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Comparative Evaluation of Court-Based Responses to Offenders With Mental Illnesses

NCJ Number
249894
Date Published
December 2014
Length
12 pages
Author(s)
Matthew Epperson; Arthur Lurigio
Agencies
NIJ-Sponsored
Annotation
In order to address various criticisms of evaluations of recent efforts by the justice system to improve services to offenders with serious mental illness (SMI), the current study used a mixed methods comparative evaluation of three established court-based programs that serve offenders with SMI, i.e., a mental health court, specialized probation, and standard probation.
Abstract
The evaluation focused on each program's structure, operation, and effectiveness. The overall conclusion of this evaluation is that court-based alternatives to incarceration for offenders with SMI show some promise in improving recidivism outcomes; however, many challenges remain, including improving probation engagement and completion. Local programs that can develop a range of programs and service intensity will have better capacity to address the multiple needs of offenders with SMI. This evaluation found that approximately half of probationers with SMI in specialized programs failed to complete probation successfully; and unsuccessful termination was significantly associated with subsequent arrest and incarceration across programs. Although post-probation recidivism was common, frequency of arrest and length of incarceration post-program was significantly lower for probationers with SMI who completed any of the three programs successfully. Probation officers used a range of techniques in supervising SMI probationers. Relational factors in the interaction between probation officers and staff were apparently influential in probationers' receptiveness to probation supervision, participation in mental health treatment, and engagement in the process of behavioral change. Probationers' participation in the mental health court (MHC) reported higher quality relationships than standard probationers. The study was conducted in Cook County, IL. Data were collected from three sources: in-depth interviews with 26 probation officers and staff from the three programs; in-depth interviews with 98 SMI probationers and their completion of the Dual Role Relationship Inventory - Revised; and administrative data on 864 individuals who exited the three programs in 2008 or 2009. 2 tables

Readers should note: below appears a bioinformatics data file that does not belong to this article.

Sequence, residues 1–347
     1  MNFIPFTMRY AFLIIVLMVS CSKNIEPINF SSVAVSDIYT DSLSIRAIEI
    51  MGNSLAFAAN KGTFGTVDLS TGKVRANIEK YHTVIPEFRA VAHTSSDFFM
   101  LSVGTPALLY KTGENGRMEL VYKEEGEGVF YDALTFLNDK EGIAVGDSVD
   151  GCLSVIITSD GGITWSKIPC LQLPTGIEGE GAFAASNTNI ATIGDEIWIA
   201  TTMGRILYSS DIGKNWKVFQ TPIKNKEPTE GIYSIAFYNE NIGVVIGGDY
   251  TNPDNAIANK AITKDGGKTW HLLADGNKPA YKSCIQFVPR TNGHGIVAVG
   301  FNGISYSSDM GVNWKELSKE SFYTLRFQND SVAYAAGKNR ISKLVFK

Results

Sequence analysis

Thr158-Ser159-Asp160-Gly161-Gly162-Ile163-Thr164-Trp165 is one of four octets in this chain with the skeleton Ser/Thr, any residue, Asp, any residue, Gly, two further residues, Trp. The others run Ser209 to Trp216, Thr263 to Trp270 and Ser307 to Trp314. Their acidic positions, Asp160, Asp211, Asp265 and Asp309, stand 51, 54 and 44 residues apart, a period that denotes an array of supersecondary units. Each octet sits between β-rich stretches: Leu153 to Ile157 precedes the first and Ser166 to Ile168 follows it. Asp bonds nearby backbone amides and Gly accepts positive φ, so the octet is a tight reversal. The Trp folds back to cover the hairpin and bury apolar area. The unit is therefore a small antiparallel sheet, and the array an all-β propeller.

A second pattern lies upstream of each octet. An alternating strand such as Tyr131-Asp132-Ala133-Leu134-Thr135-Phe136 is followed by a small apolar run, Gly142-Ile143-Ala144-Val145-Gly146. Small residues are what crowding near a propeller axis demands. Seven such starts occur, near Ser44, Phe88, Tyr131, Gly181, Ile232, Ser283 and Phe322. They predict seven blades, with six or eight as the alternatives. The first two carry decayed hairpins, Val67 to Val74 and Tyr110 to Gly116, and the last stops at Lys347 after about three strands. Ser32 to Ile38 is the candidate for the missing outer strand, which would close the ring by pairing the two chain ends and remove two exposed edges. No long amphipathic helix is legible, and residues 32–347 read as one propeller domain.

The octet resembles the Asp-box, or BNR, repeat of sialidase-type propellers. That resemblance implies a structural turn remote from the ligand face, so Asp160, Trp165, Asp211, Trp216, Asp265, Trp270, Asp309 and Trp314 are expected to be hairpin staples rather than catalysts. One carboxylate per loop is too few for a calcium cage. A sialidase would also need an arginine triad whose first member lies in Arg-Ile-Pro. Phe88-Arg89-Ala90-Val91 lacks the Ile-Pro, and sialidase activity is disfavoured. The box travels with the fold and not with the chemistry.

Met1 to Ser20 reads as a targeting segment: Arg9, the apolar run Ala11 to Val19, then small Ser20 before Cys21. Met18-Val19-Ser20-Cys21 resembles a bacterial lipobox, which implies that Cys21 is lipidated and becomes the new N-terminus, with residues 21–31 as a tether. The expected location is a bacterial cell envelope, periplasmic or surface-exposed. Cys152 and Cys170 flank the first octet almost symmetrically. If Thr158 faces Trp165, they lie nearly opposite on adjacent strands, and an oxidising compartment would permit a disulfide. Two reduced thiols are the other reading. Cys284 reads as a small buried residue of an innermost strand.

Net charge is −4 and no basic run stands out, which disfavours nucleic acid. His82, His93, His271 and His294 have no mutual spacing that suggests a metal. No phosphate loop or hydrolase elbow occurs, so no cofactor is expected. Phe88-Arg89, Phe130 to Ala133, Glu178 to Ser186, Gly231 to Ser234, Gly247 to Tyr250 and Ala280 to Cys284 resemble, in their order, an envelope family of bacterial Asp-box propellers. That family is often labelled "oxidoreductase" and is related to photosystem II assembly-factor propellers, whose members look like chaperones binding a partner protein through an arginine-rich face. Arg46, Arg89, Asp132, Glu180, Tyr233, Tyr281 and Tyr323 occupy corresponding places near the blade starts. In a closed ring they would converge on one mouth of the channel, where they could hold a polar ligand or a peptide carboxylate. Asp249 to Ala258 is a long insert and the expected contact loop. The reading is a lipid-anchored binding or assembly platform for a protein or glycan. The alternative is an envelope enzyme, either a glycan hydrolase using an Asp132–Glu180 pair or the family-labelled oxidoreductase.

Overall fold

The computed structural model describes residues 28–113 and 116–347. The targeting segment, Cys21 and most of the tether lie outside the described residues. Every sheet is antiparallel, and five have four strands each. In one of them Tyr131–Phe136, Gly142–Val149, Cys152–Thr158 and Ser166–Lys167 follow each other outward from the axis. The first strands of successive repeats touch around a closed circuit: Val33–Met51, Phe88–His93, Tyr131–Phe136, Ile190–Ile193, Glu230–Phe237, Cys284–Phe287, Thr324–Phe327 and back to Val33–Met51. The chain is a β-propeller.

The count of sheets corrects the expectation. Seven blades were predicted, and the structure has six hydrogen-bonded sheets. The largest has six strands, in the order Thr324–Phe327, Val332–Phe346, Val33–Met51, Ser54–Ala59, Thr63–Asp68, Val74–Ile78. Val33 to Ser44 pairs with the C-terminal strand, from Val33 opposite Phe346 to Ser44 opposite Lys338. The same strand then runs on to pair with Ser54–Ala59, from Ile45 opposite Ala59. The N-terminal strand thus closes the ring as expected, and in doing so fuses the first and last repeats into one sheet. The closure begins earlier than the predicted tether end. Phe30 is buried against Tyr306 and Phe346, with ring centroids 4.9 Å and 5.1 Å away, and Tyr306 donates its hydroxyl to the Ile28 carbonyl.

Date Created: June 24, 2016